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  • Where can I find explanations about my results?

    Hello,
    I got my Genographic results but I'm a little lost because the analysis that came with it doesn't tell me a whole lot.

    I'm an Ashkenazi Jew so I was not surprised by the map which put my ancestors in the Eastern Meditteranean (M168 to M174 to M96 to M35), but what else can I read into these results? I know that this only tested my deep ancestors, such as 10,000 years ago, but what since then?

    I guess this confirms a lot of the genetics articles which I've read which state that the level of admixture in Jewish populations was extremely low and the majority of modern Jews are descended from Ancient Jews, albeit with evolution affecting physical characteristics.

    I understand that this project is testing my ancestor's route out of Africa, but I guess I want a little more explanation other than what they gave me.
    What about my mDNA? I only got results from my Y Chromosome.
    Thanks for any responses.

  • #2
    Hello,

    Go to the webpages below and then follow the links. There aren't definitive answers to everything you want to know but you have to start somewhere. This new field of population genetics is highly dynamic and new information is coming out all the time. Prepare yourself for a long journey of discovery.

    http://freepages.genealogy.rootsweb....g/YCC_E3b.html
    http://freepages.genealogy.rootsweb..../haplo_e3b.htm

    Then visit the E3b project page so you can compare your results.

    http://www.familytreedna.com/(kip03u...ect/index.aspx

    Regards,

    Victor

    Comment


    • #3
      If you ordered just the 12 Y DNA numbers, you will have to pay for additonal tests and mtdna results...Look above on this page for "PRICING"

      Comment


      • #4
        Originally posted by dcschwartz
        Hello,
        I got my Genographic results but I'm a little lost because the analysis that came with it doesn't tell me a whole lot.

        I'm an Ashkenazi Jew so I was not surprised by the map which put my ancestors in the Eastern Meditteranean (M168 to M174 to M96 to M35), but what else can I read into these results? I know that this only tested my deep ancestors, such as 10,000 years ago, but what since then?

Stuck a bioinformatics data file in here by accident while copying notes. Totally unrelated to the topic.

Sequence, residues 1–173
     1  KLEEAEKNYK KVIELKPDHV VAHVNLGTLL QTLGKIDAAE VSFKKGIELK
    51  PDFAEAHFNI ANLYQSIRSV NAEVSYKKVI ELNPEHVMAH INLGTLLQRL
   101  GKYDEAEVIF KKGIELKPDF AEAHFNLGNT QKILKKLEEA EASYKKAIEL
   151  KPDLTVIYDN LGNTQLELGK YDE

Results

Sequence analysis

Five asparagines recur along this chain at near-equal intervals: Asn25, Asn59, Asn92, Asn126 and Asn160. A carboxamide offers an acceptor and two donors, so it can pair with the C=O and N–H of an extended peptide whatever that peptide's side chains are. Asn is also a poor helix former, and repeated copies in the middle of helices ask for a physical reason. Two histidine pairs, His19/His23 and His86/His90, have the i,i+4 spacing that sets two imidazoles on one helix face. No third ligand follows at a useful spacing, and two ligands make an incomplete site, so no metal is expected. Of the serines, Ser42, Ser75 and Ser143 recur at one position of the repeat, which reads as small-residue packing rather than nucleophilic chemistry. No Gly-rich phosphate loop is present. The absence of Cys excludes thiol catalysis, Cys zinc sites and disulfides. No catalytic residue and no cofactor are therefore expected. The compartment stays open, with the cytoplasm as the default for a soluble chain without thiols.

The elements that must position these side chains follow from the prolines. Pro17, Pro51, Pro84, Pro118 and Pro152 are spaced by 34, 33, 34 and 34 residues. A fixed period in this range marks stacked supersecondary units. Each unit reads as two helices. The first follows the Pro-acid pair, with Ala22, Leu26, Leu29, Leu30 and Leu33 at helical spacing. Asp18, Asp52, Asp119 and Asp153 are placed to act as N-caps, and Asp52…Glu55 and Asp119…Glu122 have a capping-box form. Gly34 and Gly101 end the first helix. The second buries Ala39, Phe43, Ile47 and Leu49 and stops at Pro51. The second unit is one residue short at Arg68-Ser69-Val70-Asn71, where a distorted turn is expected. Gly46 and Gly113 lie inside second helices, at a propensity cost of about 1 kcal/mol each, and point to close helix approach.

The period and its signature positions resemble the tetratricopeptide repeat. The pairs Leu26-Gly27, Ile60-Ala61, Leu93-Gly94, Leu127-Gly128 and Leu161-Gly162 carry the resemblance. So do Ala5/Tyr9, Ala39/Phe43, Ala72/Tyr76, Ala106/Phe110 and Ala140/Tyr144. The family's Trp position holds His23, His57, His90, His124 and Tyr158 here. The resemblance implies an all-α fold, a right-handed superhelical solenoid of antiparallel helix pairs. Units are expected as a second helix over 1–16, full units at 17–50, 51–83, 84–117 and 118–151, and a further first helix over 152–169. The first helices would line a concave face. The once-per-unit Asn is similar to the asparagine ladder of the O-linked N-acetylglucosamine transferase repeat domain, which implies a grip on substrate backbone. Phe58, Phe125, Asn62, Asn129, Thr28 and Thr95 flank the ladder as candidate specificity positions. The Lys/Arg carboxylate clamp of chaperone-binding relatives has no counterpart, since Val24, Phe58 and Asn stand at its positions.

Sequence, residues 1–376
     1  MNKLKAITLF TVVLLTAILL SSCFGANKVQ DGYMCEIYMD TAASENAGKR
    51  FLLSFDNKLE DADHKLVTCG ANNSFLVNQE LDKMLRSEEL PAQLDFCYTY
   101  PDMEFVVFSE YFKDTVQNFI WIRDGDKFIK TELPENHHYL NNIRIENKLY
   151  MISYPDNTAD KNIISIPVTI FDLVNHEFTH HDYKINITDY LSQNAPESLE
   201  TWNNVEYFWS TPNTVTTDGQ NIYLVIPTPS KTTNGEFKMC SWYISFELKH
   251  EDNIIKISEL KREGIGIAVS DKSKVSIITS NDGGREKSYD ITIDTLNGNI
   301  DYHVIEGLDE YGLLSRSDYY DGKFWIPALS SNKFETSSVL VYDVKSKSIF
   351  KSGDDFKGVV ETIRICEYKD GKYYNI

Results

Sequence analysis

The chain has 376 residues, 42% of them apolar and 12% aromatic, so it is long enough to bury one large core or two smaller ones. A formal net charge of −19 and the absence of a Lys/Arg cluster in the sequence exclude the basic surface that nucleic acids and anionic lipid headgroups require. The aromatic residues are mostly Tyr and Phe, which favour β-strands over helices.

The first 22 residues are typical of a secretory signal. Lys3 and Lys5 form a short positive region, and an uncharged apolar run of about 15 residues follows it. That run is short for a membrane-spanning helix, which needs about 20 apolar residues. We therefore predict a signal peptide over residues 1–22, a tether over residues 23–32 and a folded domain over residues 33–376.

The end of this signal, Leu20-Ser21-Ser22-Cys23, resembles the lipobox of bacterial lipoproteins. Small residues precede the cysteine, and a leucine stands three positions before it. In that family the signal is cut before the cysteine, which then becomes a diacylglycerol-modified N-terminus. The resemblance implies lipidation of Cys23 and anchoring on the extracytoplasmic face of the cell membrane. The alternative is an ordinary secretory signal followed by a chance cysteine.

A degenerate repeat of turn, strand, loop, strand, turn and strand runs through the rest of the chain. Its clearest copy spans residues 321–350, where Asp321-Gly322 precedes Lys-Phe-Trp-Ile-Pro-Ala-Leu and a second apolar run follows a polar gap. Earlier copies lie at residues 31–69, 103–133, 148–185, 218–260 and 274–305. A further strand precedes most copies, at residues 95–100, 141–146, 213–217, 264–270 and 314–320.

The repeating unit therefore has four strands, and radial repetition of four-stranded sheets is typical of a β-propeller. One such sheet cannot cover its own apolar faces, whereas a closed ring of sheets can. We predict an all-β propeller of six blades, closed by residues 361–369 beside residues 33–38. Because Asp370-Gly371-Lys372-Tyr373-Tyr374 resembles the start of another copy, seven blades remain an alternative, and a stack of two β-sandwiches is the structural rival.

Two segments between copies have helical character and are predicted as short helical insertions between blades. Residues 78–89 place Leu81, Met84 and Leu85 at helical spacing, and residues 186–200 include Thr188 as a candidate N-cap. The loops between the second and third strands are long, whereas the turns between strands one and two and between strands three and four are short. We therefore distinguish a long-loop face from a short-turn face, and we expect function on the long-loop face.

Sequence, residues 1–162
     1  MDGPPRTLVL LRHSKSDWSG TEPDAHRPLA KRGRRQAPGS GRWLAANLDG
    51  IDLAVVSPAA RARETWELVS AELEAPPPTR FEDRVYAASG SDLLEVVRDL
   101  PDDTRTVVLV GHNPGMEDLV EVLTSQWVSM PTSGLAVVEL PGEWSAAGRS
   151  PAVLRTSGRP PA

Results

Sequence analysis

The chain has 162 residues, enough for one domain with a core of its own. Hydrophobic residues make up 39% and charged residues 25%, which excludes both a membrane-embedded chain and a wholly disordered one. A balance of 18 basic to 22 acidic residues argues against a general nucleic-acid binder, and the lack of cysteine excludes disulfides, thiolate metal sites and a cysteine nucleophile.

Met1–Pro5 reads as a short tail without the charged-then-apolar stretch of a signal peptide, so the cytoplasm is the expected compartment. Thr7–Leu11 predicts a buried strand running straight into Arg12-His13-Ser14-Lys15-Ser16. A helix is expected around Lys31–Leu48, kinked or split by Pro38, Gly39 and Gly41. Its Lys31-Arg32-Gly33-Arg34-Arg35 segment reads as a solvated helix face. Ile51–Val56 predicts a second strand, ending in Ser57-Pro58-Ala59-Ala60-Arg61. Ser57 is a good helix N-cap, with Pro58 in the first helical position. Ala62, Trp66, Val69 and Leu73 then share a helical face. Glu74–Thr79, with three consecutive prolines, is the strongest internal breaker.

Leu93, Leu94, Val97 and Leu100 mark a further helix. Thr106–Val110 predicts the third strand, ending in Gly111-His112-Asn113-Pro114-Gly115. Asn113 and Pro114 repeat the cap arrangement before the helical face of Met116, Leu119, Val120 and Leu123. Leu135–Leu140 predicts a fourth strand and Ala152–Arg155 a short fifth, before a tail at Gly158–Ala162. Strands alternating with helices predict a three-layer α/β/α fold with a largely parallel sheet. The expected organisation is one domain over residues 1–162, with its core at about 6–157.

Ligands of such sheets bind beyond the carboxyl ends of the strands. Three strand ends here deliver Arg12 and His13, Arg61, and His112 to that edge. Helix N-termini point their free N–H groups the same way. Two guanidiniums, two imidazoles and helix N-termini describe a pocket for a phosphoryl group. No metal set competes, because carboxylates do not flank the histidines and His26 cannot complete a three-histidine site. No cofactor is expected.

I guess this confirms a lot of the genetics articles which I've read which state that the level of admixture in Jewish populations was extremely low and the majority of modern Jews are descended from Ancient Jews, albeit with evolution affecting physical characteristics.

        I understand that this project is testing my ancestor's route out of Africa, but I guess I want a little more explanation other than what they gave me.
        What about my mDNA? I only got results from my Y Chromosome.
        Thanks for any responses.
        Hi,
        It might be interesting for you to transfer your data from the Genographic Project to FamilyTree DNA. Then you may join the E3b project, and upgrade your Y DNA test from 12 to 25 markers, and at the same time, order a mtDNA test (HVR1 to start), all at a lower price as member of a group. Concerning your haplogroup, somebody told me that he thought that E3b entered the Jewish gene pool while the Jews (mainly belonging to haplogroup J) were living in Egypt.
        Anyway, good luck in your search.

        Roberto

        Comment


        • #5
          Dcschwartz, there are no "pure" or uniquely Jewish haplogroups or haplotypes. The Jewish population consists of many different haplogroups which entered the population at different points in history, from thousands of years before the establishment of the religion to the modern diaspora. Some common y dna haplogroups are J,Ria and your own E3b. However, most individuals in these haplogroups are not Jewish. Although many points of history could have involved the inflow of E3b, one possibility was the period well before the religion developed. It would be useful to get an mtdna test since some haplogroups are common among maternal lines, specifically K and N but also H,J and U5.

          Comment


          • #6
            Hello -- a most interesting article on the subject of Jewish heritage and genetic genealogy is located at www.jogg.info/11/coffman.htm. This is part of the "Journal of Genetic Genealogy" website. It's entitled "A Mosaic of People: The Jewish Story and a Reassessment of the DNA Evidence" by Ellen Levy-Coffman. If you haven't already seen it, it should prove extremely enlightening and help to answer some of your questions.

            Comment


            • #7
              Originally posted by robe3b
              Hi,
              <clipped>
              Concerning your haplogroup, somebody told me that he thought that E3b entered the Jewish gene pool while the Jews (mainly belonging to haplogroup J) were living in Egypt.

              Roberto
              This is one plausible explanation, Roberto. But it gets a little complicated when we consider the geographical distribution of all E3b subclades found within the Jewish gene pool (E3b1, E3b2 and E3b3) and even more when we consider the subclusters within E3b1 (alpha, beta and delta).

              Maybe it was an aggregation that ocurred over a long period of time and in many places like it likely happened with the other haplogroups? After all, we're talking of a religious movement that through the centuries has been making new converts all over the world and the first candidates of course would be the haplogroups in their vicinity.

              Saludos,

              Victor

              Comment


              • #8
                Originally posted by dcschwartz
                Hello,
                I got my Genographic results but I'm a little lost because the analysis that came with it doesn't tell me a whole lot.